I’m not sure that has really changed in the sequel. But, on the evidence of the new trailer, other aspects appear to have been given the kick in the pants that Thor: The Dark World lacks. Screenplay writers Stephen McFeely and Christopher Markus contributed both the previous Cap and The Dark World screenplays. They also adapted all three Narnia movies. Perhaps not the most illustrious of CVs, although my understanding is that the Winter Soldier plot they’re basing their script on is a good one. What is most arresting (and of course a trailer can be cut to suggest qualities that are not in the finished movie; The Counselor appears to be the latest example of just such a let-down) is the flourish directors Anthony and Joe Russo have brought to the table. Known for their work on comedies, including Arrested Development and Community on TV, they had an early “up and coming” vibe with well-cast heist flick Welcome to Collinwood about a decade ago, but nothing suggesting a facility for massive mayhem. So this looks like one of those cost-effective chances that has paid off for Marvel (just as plumping for Jon Favreau paid of with the first Iron Man). The images suggest a keen grasp of framing and staging, from the lift fight to the car flip, to the crash and burn hellicarrier to the final shot of the Winter Soldier catching Cap’s shield.

I’m less than sold on Scarlet Johansson’s Black Widow. This may just be sour grapes at Emily Blunt losing out on the part, or it may just be that nothing has been done to make the character distinctive or interesting (other than put Johnansson in tight-fitting catsuits).

But the rest of the trailer content struck a chord, as it echoes the Russos’ previous comments that they wanted to combine the Captain with the trappings of a ‘70s conspiracy thriller. The vibe of the trailer suggests Cap’s traditional American values are pitted against a world where threats are neutralised before they even happen, and where  “to build a better world sometimes means tearing the old one down”. The Captain’s response is a head butt to a USA where pre-emptive strikes and drone attacks are an integral to the modern military machine. “I though the punishment usually came after the crime” he chastises. Appropriately, and picking up from the uneasy authoritarian vibe of their previous depiction(s), SHIELD is a force not to be trusted, an encapsulation of governmental propensity to act unmonitored and unanswerable to higher authorities. Might this be the first Marvel movie with a serious and graspable commentary? Well, Robert Redford shows up, Condor himself, so you’d have though some kind of carrot attracted him (I doubt that it was the thought he would once have been an ideal Captain). I expect the whole thing will devolve into unfettered explosiveness during the final act, but this looks like it might also have some bite.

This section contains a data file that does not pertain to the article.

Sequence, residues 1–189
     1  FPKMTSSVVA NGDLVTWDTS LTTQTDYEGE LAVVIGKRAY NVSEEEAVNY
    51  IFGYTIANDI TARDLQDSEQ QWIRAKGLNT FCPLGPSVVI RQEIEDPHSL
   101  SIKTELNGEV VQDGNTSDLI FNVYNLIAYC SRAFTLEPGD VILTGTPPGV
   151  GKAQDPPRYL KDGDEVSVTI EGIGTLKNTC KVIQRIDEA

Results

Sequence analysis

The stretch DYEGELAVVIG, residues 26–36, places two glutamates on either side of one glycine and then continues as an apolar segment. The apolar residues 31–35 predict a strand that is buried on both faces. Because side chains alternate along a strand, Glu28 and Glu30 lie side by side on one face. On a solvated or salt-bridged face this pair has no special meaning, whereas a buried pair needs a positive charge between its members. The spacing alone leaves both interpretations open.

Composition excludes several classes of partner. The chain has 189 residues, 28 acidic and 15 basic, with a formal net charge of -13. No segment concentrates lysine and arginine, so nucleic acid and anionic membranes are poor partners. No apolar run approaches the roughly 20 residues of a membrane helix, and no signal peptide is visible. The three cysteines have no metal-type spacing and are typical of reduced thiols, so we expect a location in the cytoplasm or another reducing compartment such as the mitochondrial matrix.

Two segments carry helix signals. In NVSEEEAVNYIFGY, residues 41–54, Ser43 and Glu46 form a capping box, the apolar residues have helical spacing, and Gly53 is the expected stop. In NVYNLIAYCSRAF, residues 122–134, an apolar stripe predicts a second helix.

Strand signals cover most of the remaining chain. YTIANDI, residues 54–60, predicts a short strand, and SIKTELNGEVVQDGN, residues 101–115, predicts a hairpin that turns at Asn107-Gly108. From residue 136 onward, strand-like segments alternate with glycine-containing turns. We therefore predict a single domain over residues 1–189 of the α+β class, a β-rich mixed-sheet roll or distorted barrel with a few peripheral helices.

Popular posts from this blog

You were this amazing occidental samurai.

Ricochet (1991) (SPOILERS) You have to wonder at Denzel Washington’s agent at this point in the actor’s career. He’d recently won his first Oscar for Glory , yet followed it with less-than-glorious heart-transplant ghost comedy Heart Condition (Bob Hoskins’ racist cop receives Washington’s dead lawyer’s ticker; a recipe for hijinks!) Not long after, he dipped his tentative toe in the action arena with this Joel Silver production; Denzel has made his share of action fare since, of course, most of it serviceable if unremarkable, but none of it comes near to delivering the schlocky excesses of Ricochet , a movie at once ingenious and risible in its plot permutations, performances and production profligacy.

No one can be told what the Matrix is. You have to see it for yourself.

The Matrix  (1999) (SPOILERS) Twenty years on, and the articles are on the defining nature of The Matrix are piling up, most of them touching on how its world has become a reality, or maybe always was one. At the time, its premise was engaging enough, but it was the sum total of the package that cast a spell – the bullet time, the fashions, the soundtrack, the comic book-as-live-action framing and styling – not to mention it being probably the first movie to embrace and reflect the burgeoning Internet ( Hackers doesn’t really count), and subsequently to really ride the crest of the DVD boom wave. And now? Now it’s still really, really good.

Well, something’s broke on your daddy’s spaceship.

Apollo 13 (1995) (SPOILERS) The NASA propaganda movie to end all NASA propaganda movies. Their original conception of the perilous Apollo 13 mission deserves due credit in itself; what better way to bolster waning interest in slightly naff perambulations around a TV studio than to manufacture a crisis event, one emphasising the absurd fragility of the alleged non-terrestrial excursions and the indomitable force that is “science” in achieving them? Apollo 13 the lunar mission was tailor made for Apollo 13 the movie version – make believe the make-believe – and who could have been better to lead this fantasy ride than Guantanamo Hanks at his all-American popularity peak?